Build a backyard retreat
Unless you’ve been living under a rock, you know that backyard sheds — both functional and downright fun — are all the rage. And it stands to reason. No matter how organized you are or how much storage space you have, there always seems to be an overflow of outdoor items to house, from tools to landscape supplies. Fortunately, by adding extra storage to your backyard or garden with a customized shed, you can conceal all that extra stuff while boosting your home’s curb appeal and charm.
On the other hand, if you’re one of those lucky families that actually does have adequate storage space thanks to a smart design, a shed can serve as a great retreat, work studio or play area for grownups and kids alike. After all, with a busy family, who doesn’t need an additional secluded place to unwind, work on hobbies or entertain?
You may have definite plans for your shed, or you may decide to build with no specific purpose in mind. Great ideas for your shed, beside lawn equipment storage, are as varied as your imagination. Here are just a few of the typical, and not-so-typical, uses for your shed:
Home Office Man Cave “She” Shed Summer living room Guest House Green House Gym
Determining a final use will help focus the design. For example, a storage shed needs fewer windows, but perhaps an oversized door. Your home office or studio will benefit from spacious windows to bring in lots of natural light.
If you plan to use your shed yearround, you may want to include insulation and a way to heat and cool the structure. Mini-splits, which are heating
and cooling systems that allow you to control the temperatures in individual rooms or spaces, are an effective, economical and space-saving way to heat and cool your shed.
Determining the use up front also helps in decisions like running electricity and plumbing. If there’s any doubt, putting these in place during construction is far less costly than retrofitting after the building is complete. Don’t forget to add an outside electrical outlet for convenience. A 2-by-2-foot skylight is a great way to get some light into a shed without giving up valuable wall space. A loft can increase floor and storage space by as much as 50 to 75 percent.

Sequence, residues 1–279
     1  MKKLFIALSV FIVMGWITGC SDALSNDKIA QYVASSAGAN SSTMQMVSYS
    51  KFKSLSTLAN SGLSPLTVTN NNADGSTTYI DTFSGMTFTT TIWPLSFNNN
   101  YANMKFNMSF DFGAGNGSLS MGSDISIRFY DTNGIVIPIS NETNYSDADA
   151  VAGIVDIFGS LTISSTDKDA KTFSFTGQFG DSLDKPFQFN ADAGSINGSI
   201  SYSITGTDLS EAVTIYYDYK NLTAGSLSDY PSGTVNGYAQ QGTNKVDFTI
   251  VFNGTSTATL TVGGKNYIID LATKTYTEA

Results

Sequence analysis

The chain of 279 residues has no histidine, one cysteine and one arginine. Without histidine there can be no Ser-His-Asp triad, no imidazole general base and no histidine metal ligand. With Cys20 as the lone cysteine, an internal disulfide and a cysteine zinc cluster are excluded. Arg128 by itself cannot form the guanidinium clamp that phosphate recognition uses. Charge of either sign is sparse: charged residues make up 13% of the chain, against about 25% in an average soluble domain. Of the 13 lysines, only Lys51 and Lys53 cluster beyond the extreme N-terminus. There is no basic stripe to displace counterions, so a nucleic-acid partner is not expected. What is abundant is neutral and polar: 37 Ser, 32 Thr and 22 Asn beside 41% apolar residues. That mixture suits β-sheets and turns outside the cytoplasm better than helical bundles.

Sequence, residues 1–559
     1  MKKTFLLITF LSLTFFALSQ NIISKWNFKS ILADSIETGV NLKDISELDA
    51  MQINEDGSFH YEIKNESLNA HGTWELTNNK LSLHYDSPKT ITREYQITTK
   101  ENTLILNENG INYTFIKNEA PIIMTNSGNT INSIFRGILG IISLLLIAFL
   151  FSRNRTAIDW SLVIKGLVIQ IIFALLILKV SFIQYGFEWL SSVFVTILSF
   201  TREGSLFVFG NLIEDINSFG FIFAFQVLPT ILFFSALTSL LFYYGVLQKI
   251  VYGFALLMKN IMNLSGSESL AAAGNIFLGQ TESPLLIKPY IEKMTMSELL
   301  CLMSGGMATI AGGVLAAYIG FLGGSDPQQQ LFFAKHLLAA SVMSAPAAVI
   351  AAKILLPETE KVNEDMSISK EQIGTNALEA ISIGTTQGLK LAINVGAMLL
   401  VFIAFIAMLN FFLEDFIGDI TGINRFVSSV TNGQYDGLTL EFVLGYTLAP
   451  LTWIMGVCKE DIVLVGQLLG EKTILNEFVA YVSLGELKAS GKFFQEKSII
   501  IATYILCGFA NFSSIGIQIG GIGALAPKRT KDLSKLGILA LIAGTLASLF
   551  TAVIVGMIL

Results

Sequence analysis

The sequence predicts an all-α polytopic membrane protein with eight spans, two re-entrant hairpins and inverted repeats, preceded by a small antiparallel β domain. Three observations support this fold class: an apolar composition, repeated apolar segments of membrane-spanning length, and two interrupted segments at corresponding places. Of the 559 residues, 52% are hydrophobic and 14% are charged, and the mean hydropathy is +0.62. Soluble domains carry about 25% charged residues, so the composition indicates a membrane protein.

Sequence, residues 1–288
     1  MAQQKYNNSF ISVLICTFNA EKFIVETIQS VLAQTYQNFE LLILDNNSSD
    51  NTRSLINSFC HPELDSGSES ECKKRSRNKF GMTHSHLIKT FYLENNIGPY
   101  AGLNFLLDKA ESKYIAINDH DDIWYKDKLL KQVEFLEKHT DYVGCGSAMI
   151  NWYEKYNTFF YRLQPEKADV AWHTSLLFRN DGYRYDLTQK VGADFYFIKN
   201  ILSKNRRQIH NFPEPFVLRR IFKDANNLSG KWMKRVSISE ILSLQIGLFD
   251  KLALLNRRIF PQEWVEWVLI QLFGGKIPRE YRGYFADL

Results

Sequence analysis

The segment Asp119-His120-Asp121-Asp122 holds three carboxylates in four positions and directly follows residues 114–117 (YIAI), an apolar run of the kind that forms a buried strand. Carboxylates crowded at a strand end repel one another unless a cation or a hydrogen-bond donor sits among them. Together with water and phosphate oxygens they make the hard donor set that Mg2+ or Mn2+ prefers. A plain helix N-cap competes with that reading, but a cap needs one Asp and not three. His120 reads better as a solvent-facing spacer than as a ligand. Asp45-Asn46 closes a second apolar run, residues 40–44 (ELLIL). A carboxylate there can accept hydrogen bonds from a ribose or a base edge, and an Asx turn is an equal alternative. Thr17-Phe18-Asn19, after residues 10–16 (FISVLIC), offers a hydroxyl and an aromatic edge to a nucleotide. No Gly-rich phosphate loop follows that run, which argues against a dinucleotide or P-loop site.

You’ll also want to think about all the items you plan on storing or using in your shed. Measure them and consider your need for growth over time. Lots of folks try to minimize their costs by building small, only to find that a few years later they have run out of space.
CONSULT LOCAL ZONING ORDINANCES
Every municipality has ordinances on
outbuildings. They will certainly dictate your shed’s location with respect to property lines and may impose size limits that include square footage as well as height.
You may or may not need to pull a permit and submit a design for approval. You may also need a survey of your property line. This may be available with your closing documents for the purchase of your land, or you can have it surveyed.
Adding a shed to your property is not only a great way to add versatile living or storage space for you and your family, it can enhance your home’s value and add an attractive focal point to your yard or garden. Designing your shed with an eye toward future use can be a cost-effective way to reap the full benefit of your shed as your needs and priorities change.
Brice Cochran is the founder of Timber Frame Headquarters (timberframe hq.com), created to educate and spread the word about timber framing.